Did Netflix Deserve to Lose $345 Million in Market Value Today?

Netflix reported earnings after the close yesterday (Monday July 24) and proceeded to get hammered in after hours trading for what seem to me insufficent reasons.  The stock was down about $5 today, about 21% of it’s market capitalization, to close at $18.78 on extremely heavy volume – 15.23 million of the 54.88 million outstanding shares, about 28% of the company, traded hands today.  The company’s market cap got knocked down from $1.644 billion to $1.299 billion.  In other words, Wall Street decided the company is worth about $345 million less than it thought it was worth 24 hours ago!

Why?  Rick Munarriz over at Motley Fool, a long time supporter of the stock, give these reasons:

Despite a 62% surge in subscriber growth, revenue rose just 46% to $239.4 million as new customers took to lower priced plans…….


Also problematic is that it costs more for Netflix to land new patrons, who in are turn are paying less.  The company is now paying an average of $43.95 per gross subscriber addition.  That is substantially more than the $38.13 tab it was running a year ago or even the $38.47 it reported in the seasonally challenging March quarter. 

He also mentions the persistent worry about video on demand destroying Netflix’s business. 

Now these worries ring true to me because I am a part of the problem.  I became a Netflix subscriber in the 2nd quarter.  I started with a 2 week free trial offer that I got through the mail and then switched over to the $9.95/month, 1 movie at a time, plan. 

But 46% revenue growth is damn good!  Not only was revenue growth 46% for the 1st quarter but it was also 46% for the 1st half of the year – from $316.5 million to $463.5 million.  If they can continue that through the second half of the year that would mean close to $1 billion in revenues for 2006.  The market is valuing the company at $1.299 billion but it also has $342 million in cash on it’s balance sheet and no debt for a $957 million enterprise value.  So Netflix is trading for about 1 times this year’s (2006) sales. 

2005 operating cash flow was $163 million for a 5.9 trailing enterprise value to operating cash flow ratio.  First half operating cash flow grew by almost 58% to $104 million.  If they can keep that up through the end of the year that would mean $257 million in operating cash flow for full year 2006, for an enterprise value to operating cash flow ratio of 3.7.  That is extremely cheap!

My sense is that this isn’t really reflective of cash generated by operating the business because much of the “Acquisitions of DVD Library” that they list in the investing section of their cash flow statement is really to service their growing customer base and is therefore an operating, not investing, expense.  In fact, the SEC recently required Blockbuster to move it’s “Rental Library Purchases” from the investing to operating section of it’s cash flow statement.  In the 1st quarter, this reduced Blockbuster’s operating cash flow by $168 million to $41 million.  It makes no sense that they require Blockbuster to do this but not Netflix.  The only reason I can think of is that Netflix is growing so fast, while Blockbuster is actually shrinking, that much of Netflix’s DVD acquisitions are truly “investment” in expanding the business.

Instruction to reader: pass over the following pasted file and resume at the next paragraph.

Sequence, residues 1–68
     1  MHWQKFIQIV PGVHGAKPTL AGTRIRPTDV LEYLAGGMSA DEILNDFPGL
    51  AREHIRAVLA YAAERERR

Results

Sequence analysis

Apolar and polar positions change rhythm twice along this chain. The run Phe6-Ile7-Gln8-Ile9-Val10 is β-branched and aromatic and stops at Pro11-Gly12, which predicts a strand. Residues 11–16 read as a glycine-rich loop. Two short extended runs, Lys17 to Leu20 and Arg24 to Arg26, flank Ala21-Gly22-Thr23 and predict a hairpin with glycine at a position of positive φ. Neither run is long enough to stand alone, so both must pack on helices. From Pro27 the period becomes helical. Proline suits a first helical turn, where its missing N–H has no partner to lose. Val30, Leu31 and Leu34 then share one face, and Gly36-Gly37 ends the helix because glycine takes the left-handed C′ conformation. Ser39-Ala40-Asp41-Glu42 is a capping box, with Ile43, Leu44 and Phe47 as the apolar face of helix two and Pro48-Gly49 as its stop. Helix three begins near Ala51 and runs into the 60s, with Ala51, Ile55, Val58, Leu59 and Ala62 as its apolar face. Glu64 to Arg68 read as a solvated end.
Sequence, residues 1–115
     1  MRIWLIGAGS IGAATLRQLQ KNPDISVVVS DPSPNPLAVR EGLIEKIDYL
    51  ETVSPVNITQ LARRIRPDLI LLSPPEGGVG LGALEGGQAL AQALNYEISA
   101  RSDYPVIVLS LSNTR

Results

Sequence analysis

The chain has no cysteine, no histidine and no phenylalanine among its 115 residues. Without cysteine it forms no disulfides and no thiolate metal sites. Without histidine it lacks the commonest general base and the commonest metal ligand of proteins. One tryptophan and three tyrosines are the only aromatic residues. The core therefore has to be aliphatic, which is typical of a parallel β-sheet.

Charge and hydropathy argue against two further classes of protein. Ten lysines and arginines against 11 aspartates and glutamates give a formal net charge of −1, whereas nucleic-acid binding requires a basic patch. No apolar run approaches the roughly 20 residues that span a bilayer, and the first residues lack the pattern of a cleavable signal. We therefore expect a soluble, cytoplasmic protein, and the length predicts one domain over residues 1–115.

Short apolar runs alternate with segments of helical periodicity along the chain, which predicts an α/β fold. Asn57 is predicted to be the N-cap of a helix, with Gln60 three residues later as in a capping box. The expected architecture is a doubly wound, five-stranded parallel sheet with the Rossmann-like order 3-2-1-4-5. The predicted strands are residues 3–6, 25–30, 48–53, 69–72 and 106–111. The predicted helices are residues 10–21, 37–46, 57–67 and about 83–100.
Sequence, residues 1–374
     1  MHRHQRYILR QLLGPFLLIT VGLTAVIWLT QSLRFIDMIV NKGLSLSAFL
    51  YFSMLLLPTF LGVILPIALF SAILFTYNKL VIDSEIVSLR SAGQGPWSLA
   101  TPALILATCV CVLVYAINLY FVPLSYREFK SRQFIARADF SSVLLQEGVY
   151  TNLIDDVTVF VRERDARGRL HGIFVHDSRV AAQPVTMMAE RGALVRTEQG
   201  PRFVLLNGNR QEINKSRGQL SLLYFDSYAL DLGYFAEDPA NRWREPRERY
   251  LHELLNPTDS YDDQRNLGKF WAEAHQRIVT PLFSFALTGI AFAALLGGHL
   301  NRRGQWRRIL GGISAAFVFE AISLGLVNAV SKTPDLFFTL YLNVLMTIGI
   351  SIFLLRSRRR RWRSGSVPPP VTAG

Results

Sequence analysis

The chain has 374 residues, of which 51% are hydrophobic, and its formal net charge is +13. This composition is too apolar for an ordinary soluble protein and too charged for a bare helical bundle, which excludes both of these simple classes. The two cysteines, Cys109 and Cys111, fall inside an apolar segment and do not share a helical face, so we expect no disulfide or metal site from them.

Therefore we need to look at free cash flow.  Free cash flow in the first half of 2006 was $18 million – compared to the $104 million in operating cash flow – due mainly to $82 million spent on acquistions for the DVD Library.  That compares to -$6 million for the 1st half of 2005 and $24 million for all of 2005.  Since they grew revenues at 46% in the first half and operating cash at 58% let’s assume that they will be able to grow free cash flow by 40% for all of 2006 to $34 million.  That gives the company a 28.3 ($957/$34) enterprise value to free cash flow ratio for 2006.

For a company growing the top line at 46% and operating cash at 58% that is a pretty reasonable price.  True cash generated by operations is somewhere between 3.7 and 28.3 (we again run into the problem of distinguishing between capital expenditures that are to be considered “replacements” of the wear and tear from operating the business and those that should be considered “investments” to grow the business in the future).

Netflix hasn’t been this cheap in nearly a year and it’s sucessfully executed on its growth trajectory since then making it a more valuable business now compared with then.  I think it’s a buy here.  

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